Religious effort upon correct lines and properly directed is commendable above all things else. But men sometimes want to “improve” the Christian religion, and are not content with “the faith once delivered to the saints.” Considering the tendency of the times, one can well exclaim with the prophet, Jeremiah, “Stand ye in the ways and see, and ask for the old paths, where is the good way.”
Pioneer ministers did not receive large salaries, but did their full share of the work of civilization. In 1806 the Rev. Peter Cartwright received only forty dollars a year, and in 1823, Bishop Asbury’s salary was but sixty-four dollars. The salary received by the Rev. James, a Methodist minister in Mansfield in the “teens,” was but a mere pittance, although he had circuit as well as local work. The Rev. James erected a house on the northwest corner of Adams and Third streets, which is still standing, and is the oldest building now in Mansfield.
President William H. Harrison characterized the early preachers as “a body of men who for zeal and fidelity in the discharging of the duties they undertook are not exceeded by any other in the whole world. I have been a witness of their conduct, in the western country for nearly forty years. They are men who no labor tires, no scenes disgust, no dangers frightens in the discharge of their duty.”
All over the land, missionaries kept ahead of the march of civilization. Along before any other white men had traversed the country of the great lakes, the Jesuit priests had unfurled the banner of the Cross on their farthest shores. When the Hurons were driven from their homes by the Five Nations, the priests shared with them their sufferings and their exile. To convert the Indians, they endured privations and hardships, and faced dangers, knowing they would receive no earthly reward for their services.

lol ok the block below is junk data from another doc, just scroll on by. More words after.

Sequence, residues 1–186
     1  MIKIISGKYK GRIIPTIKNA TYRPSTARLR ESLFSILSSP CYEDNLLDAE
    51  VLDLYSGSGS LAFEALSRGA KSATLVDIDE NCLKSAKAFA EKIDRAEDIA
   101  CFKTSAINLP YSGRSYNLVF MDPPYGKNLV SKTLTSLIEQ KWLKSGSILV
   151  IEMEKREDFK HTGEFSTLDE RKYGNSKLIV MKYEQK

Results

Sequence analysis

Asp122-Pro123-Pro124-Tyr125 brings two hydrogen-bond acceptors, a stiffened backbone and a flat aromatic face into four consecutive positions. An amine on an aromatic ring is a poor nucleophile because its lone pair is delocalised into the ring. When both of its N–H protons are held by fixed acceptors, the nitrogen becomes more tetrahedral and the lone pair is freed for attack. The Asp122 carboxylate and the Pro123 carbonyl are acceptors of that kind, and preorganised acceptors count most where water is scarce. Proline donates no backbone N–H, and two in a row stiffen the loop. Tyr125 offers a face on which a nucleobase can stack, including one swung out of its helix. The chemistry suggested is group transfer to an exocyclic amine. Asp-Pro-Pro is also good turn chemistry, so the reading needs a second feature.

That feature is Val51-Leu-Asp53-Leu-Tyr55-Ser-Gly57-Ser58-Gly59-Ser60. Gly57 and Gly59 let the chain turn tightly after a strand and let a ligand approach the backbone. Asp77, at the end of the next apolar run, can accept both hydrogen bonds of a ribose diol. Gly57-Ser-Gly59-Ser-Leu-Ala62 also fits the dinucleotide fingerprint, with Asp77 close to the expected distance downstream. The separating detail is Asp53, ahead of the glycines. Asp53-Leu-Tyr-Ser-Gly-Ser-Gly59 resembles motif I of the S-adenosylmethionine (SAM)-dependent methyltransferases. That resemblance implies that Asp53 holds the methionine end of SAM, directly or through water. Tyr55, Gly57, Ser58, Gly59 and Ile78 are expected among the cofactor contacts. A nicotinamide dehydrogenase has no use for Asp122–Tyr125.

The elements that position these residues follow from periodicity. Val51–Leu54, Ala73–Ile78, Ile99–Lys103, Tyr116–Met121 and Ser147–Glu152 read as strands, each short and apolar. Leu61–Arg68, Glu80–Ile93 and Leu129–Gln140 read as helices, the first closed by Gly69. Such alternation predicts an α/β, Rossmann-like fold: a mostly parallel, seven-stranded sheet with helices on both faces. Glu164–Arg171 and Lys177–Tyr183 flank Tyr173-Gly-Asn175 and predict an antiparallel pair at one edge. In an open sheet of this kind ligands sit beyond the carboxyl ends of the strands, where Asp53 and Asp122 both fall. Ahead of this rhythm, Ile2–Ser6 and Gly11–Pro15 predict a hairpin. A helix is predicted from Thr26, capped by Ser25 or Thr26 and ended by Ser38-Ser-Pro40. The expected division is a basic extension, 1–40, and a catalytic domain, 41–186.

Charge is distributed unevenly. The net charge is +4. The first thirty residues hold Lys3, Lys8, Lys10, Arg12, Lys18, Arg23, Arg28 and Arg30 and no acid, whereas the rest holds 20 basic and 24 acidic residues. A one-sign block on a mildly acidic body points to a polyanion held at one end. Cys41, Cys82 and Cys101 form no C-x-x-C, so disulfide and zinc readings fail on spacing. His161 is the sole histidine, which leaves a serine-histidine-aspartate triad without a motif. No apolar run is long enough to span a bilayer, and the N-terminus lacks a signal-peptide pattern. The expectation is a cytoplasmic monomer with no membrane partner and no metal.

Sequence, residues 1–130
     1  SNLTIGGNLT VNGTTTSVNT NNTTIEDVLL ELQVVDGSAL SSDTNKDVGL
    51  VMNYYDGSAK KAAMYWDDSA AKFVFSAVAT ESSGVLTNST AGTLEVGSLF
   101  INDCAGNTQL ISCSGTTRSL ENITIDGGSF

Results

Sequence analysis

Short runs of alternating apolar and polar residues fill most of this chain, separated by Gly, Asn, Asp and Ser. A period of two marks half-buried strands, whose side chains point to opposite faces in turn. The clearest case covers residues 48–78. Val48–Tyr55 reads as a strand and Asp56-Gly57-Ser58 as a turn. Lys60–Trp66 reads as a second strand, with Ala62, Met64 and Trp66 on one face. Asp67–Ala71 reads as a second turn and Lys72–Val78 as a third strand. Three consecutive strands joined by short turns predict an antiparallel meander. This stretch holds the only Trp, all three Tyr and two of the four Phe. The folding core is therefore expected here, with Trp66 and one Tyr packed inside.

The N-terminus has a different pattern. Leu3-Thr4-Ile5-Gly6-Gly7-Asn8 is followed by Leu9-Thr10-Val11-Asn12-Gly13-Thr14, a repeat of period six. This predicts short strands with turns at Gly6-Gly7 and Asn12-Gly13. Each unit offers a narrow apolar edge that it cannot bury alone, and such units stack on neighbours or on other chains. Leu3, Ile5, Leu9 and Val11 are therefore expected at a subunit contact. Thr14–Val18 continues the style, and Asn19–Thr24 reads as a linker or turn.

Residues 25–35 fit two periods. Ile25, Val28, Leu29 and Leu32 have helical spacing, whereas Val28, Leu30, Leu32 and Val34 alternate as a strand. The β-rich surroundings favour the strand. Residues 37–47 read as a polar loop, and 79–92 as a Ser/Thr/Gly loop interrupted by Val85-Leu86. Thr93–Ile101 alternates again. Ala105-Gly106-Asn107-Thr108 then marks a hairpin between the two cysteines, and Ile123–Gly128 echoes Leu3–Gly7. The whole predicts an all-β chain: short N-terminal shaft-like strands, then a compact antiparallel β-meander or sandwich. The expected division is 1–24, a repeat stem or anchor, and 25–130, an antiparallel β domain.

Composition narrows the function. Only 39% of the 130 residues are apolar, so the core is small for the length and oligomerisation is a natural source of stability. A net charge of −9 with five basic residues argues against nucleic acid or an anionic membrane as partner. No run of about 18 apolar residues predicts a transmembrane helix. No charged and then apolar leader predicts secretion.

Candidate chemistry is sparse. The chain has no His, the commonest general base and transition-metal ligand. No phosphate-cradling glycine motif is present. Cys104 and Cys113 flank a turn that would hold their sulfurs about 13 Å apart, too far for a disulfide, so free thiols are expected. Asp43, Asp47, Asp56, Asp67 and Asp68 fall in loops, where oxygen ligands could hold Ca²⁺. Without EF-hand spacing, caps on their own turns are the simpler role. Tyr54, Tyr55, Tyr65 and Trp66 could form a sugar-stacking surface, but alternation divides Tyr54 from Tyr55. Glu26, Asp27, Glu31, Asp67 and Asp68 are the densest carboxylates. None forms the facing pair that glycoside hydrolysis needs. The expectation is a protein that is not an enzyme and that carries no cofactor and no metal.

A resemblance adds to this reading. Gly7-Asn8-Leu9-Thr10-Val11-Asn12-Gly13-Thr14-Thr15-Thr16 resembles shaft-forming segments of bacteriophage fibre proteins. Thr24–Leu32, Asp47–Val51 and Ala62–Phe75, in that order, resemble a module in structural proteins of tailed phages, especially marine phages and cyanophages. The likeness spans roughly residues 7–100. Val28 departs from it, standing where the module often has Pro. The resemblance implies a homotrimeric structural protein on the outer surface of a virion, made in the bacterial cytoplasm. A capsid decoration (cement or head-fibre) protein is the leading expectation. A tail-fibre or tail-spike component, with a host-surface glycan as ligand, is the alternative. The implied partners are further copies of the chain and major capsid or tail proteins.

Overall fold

To an interrogation, a priest one replied: “Yet, I am already rewarded, for this day I rescued from a burning building a dying child, to whom its mother allowed me to administer baptism, and that alone amply rewards me for my years of service for the Master” “What faith sublime, what love divine.”
Darlington had a fine location upon a plateau-like elevation, and seems to sit upon the “roof of the earth.” The surrounding country stretches out like a billowy ocean of green with farm houses glittering in the sunlight miles away. To the north, the Clearfork of the Mohican courses through a lovely valley, and to the southwest, Lost Run, a tributary of the Kokosing, washes the base of the hill and laves the banks of the meadows.